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English as a global lingua franca. Two thousand years ago. English did not exist. A thousand years ago it was a language used by less than two million people. Now it is the most influential language in the world, spoken by more than a billion people on the planet, as their first, second or third language.
The difference between a “dialect” and an “accent” An accent is the way that particular person or group of people sound. It’s the way somebody pronounces words, the musicality of their speech, etc. A dialect describes both a person’s accent and the grammatical features of the way that person talks.
Main stream British accents. Received Pronunciation. Features: Non-rhoticity, meaning the r at the ends of words isn’t prounounced (mother sounds like “muhthuh”). Trap-bath split, meaning that certain a words, like bath, can’t, and dance are pronounced with the broad-a in father. (This differs from most American accents, in which these words are pronounced with the short-a in cat). The vowels tend to be a bit more conservative than other accents in Southern England, which have undergone significant vowel shifting over the past century.
Cockney Features: Raised vowel in words like trap and cat so these sounds like “trep” and “cet.” Non-rhoticity: the r at the ends of words isn’t prounounced. Trap-bath split: certain a words, like bath, can’t, and dance are pronounced with the broad-a in father. London vowel shift: The vowel sounds are shifted around so Cockney “day” sounds close to American “die” and buy is close to “boy”. L-vocalization: The l at the end of words often becomes a vowel sound. Hence pal can seem to sound like “pow.” Th-Fronting: The th in words like think or this is pronounced with a more forward consonant depending on the word: thing becomes “fing,” this becomes “dis,” and mother becomes “muhvah.”
West Country (Southwest British) Features: Rhoticity, meaning that the letter r is pronounced after vowels. So, for example, whereas somebody from London would pronounce mother as “muthah,” somebody from Bristol would say “mutherrr“. (i.e. the way people pronounce the word in America or Ireland). Welsh English Features: Usually non-rhotic. English is generally modelled after Received Pronunciation or related accents, but with many holdovers from the Welsh language. The prosody of the accent is often very “musical”. The letter r is often trilled or tapped. Some dialect words imported from the Welsh language.
Scottish English Features: Rhotic, with trilled or tapped r’s. Glottal stopping of the letter t when in between vowels (similar to Cockney and related accents). Monopthongal pronounciations of the /ei/ and /ou/ dipthongs, so that that face becomes fe:s and goat becomes go:t.
American English accents. General American. Prominent Features: The short-a (as in cat) is raised. Hence man and can’t are pronounced something like “meh-uhn” and “keh-uhnt.” Rhotic, meaning the r is pronounced at the end of words like car and mother. Words like lot and rod are pronounced with an unrounded vowel, as “laht” and “rahd”. The diphthong in words like boat and rode is pronounced relatively back: i.e. boʊt and roʊd
Eastern New England English. Prominent Features: Non-rhoticity, as mentioned above. Fronted pronunciation of words like father and palm, so this vowel is close to the vowel in words like “cat” and “mad” in General American. Unlike most other American accents, the vowel in lot and rod is rounded as in most British dialects, pronounced “lawt” and “rawd”. New York City English. Prominent Features: Non-rhoticity: see explanation above. Tense-lax split: In New York City the short-a in words like cat, mad, can’t and last follows a complex set of rules whereby some words are pronounced tensely (slightly higher in the mouth) while other words are pronounced laxly (lower in the mouth). The long-a in words like father and cart is often pronounced back and sometimes rounded :“fawthuh” and “kawt”. The vowel in words like thought, north and dog are pronounced “thaw-uht,” “naw-uht” and “daw-uhg”).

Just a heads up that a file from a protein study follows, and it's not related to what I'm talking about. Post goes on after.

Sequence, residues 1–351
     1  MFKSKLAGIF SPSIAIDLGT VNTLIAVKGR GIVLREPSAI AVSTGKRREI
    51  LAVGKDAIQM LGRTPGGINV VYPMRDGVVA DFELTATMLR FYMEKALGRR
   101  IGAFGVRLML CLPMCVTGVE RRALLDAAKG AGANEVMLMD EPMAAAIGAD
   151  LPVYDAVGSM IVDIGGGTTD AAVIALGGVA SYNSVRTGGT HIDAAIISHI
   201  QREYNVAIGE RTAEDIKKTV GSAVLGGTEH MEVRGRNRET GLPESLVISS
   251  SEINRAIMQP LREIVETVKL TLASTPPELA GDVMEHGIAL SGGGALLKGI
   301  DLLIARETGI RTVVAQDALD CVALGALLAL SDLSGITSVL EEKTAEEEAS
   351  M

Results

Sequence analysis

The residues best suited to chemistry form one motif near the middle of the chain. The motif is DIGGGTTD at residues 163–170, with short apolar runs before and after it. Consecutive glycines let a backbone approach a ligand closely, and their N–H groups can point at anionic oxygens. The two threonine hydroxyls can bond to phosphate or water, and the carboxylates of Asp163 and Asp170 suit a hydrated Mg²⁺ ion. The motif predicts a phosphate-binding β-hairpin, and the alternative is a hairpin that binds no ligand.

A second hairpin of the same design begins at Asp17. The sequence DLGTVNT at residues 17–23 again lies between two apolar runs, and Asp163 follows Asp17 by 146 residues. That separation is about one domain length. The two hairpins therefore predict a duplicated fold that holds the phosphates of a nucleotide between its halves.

Some other English accents. Central Canadian English. Prominent Features: Most features are fairly similar to General American accents, with slightly different placing of the vowels. Caught-Cot Merger, as in Western American accents. Canadian Raising: The diphthongs in words like about and right are raised before voiceless consonants. Hence about becomes something like “uh-boat” and right becomes “ruh-eet”.
Australian accent. Australians (Aussies) join words together, drop letters and speak at break-neck speed - like "did_ya_hav_a_gud_weekend?" or "Hav_a_go_ya_mug". The English have a tendency to separate their words . Aussies reckon they do this because they have a 'plum in their mouth'. Aussies are never quite sure about anything so they tend to turn all their statements into questions. That is, their inflection at the end of a sentence turns up - a bit like asking for some assurance.
Conclusion. In conclusion, it is worth saying that English language has a lot of different dialects and accents and quite often people, who speak different dialects don’t understand each other. I am strongly convinced that in the learning process it is very useful to learn about various types of language. It will help to understand English-speakers all over the world.
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